Stay On Target With The Amanda Shires Show in Denton.
Happy middle of the week! To celebrate, I carefully crafted an itinerary of things that you should most definitely do this evening. Just consider me your bossy friend. Or your literal boss. Or maybe just a really bossy stranger.
Save strategically plucking your eyebrows into a “V” shape for some other time (Monday, duh) because there's plenty to get done tonight.
The Wonder Bread Years
Hey, do you like nostalgia? Do you like consumerism-based nostalgia? Well, tah-dah! The Wonder Bread Years is a theatrical performance/stand-up routine that will no doubt reinvigorate your brittle bones with memories of times past.
Cannibal Corpse at House of Blues
I have heard that Cannibal Corpse's lyrics are offensive (looks like we'll have to take the kids to see “Pappy's Magic Cookie-Baking Trainset Jamboree” instead), but when I saw them at Fun Fun Fun Fest last year, I couldn't hear “words” so much as “guttural screams.” I'll take everyone's word for it, though, because between the menacing band name and the width of lead singer David Fisher's neck (malevolently large), I'm guessing they don't write thoughtful lyrical critiques of the U.N.'s policies regarding failed states.
Lorie Leigh Photography at the Belmont
There's not much time left to catch the 30 photographs of Lorie Leigh at the Belmont, as the display goes down at the end of this month. It would be a shame to miss it, though, because Leigh's western-style photographs are a new spin on a Southern tradition, and amazingly free from cliches.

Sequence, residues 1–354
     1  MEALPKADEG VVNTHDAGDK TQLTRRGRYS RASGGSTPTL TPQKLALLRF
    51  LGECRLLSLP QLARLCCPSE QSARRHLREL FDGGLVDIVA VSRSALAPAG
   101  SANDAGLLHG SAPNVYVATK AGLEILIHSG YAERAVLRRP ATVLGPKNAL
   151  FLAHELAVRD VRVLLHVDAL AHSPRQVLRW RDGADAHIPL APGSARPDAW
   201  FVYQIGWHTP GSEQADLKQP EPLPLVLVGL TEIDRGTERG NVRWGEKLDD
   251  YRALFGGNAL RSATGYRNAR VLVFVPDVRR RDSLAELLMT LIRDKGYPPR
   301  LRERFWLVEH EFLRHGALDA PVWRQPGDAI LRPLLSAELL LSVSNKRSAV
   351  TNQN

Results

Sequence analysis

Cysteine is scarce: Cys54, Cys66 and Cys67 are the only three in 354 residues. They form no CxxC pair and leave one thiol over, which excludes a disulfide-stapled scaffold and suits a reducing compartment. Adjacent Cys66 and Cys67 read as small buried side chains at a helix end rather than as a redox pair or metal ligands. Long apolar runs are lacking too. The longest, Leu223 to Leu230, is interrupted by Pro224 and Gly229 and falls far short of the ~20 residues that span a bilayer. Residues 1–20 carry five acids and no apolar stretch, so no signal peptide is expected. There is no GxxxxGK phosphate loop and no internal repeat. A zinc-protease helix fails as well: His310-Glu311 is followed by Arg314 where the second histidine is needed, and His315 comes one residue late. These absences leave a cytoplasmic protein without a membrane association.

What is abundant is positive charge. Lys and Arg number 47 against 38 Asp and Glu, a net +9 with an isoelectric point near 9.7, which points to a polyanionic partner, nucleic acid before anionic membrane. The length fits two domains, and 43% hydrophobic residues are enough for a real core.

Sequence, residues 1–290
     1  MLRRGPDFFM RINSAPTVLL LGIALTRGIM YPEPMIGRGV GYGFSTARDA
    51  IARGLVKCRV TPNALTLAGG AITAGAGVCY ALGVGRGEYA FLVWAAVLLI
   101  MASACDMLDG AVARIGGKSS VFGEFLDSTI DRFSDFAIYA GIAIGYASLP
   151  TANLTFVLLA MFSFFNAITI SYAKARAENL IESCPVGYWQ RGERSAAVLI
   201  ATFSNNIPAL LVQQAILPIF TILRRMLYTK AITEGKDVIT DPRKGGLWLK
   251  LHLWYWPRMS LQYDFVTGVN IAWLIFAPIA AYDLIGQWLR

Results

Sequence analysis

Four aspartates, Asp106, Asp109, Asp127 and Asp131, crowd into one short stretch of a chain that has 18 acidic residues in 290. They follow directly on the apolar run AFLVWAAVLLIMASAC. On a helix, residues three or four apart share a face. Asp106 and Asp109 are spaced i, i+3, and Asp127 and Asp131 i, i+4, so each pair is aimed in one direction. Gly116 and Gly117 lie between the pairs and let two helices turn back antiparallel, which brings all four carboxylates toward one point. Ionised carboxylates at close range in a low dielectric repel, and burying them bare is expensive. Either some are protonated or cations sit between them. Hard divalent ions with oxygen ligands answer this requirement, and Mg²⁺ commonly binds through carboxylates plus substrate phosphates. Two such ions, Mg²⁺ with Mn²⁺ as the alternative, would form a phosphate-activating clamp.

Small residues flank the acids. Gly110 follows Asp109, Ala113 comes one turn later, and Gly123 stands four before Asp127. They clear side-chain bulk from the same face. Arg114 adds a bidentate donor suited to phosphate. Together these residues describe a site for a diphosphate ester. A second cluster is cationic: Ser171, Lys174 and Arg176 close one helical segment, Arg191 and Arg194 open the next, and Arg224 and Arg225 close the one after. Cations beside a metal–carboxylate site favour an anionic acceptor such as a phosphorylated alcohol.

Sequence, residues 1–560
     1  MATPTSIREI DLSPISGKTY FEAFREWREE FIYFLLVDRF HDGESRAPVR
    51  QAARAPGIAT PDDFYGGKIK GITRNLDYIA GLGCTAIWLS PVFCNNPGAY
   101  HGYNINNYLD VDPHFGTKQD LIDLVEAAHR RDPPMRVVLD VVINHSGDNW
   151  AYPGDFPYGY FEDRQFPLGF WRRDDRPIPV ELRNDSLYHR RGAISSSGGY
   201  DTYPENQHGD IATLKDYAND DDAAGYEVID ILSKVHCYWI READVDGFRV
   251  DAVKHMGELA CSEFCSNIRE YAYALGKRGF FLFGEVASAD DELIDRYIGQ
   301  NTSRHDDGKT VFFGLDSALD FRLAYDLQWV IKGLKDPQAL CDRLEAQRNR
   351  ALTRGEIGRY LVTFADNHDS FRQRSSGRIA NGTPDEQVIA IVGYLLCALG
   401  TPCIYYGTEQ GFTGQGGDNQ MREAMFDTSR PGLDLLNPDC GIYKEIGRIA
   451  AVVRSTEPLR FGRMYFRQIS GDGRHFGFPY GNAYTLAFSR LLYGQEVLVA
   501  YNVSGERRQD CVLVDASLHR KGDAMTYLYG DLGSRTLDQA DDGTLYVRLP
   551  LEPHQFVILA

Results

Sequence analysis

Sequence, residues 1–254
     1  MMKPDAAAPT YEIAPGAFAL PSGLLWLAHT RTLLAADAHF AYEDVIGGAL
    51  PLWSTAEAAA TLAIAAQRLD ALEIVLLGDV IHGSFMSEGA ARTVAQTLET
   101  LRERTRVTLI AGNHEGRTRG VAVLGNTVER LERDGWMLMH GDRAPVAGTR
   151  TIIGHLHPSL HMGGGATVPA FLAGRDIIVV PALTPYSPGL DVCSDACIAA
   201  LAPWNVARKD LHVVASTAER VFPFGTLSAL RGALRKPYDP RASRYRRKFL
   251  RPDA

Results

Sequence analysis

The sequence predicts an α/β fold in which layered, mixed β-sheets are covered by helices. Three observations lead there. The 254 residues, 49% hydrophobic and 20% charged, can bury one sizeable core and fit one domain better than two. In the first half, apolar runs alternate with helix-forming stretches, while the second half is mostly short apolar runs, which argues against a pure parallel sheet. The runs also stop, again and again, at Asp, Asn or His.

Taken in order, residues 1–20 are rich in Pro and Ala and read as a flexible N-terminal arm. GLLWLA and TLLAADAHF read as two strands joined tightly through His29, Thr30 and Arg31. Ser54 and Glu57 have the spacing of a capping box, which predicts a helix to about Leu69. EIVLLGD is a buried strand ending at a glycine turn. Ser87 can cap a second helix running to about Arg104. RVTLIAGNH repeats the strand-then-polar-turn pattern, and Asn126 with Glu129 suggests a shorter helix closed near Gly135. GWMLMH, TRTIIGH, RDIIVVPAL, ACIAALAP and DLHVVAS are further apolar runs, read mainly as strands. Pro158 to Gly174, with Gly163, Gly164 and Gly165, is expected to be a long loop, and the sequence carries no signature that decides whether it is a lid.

Amanda Shires at Dan's Silverleaf
If you asked me what I imagined musicians from Lubbock sounded like, I'd point straight in the direction of Amanda Shires (or perhaps I'd gesture, as pointing is rude). She's an interesting, upbeat Americana artist who's recently caught the attention of NPR's All Songs Considered.
Christmas in July at Austin Street Center
I'm still waiting for the day when Christmas in July becomes a huge deal — so much so that two competing factions of people get into heated conflict about the “true” Christmas. Originalists will stay loyal to Christmas in December, while a new faction threatens to tear everything apart by celebrating Christmas in July instead, thus leading to the Great Tinsel War of 2033. While that's not happened (yet), you can still have fun and do some good work today, as Austin Street is having a Christmas in July event, where folks are encouraged to drop off donations for the needy. To celebrate, there will be a Christmas Tree, some barbecue and, of course, a Santa.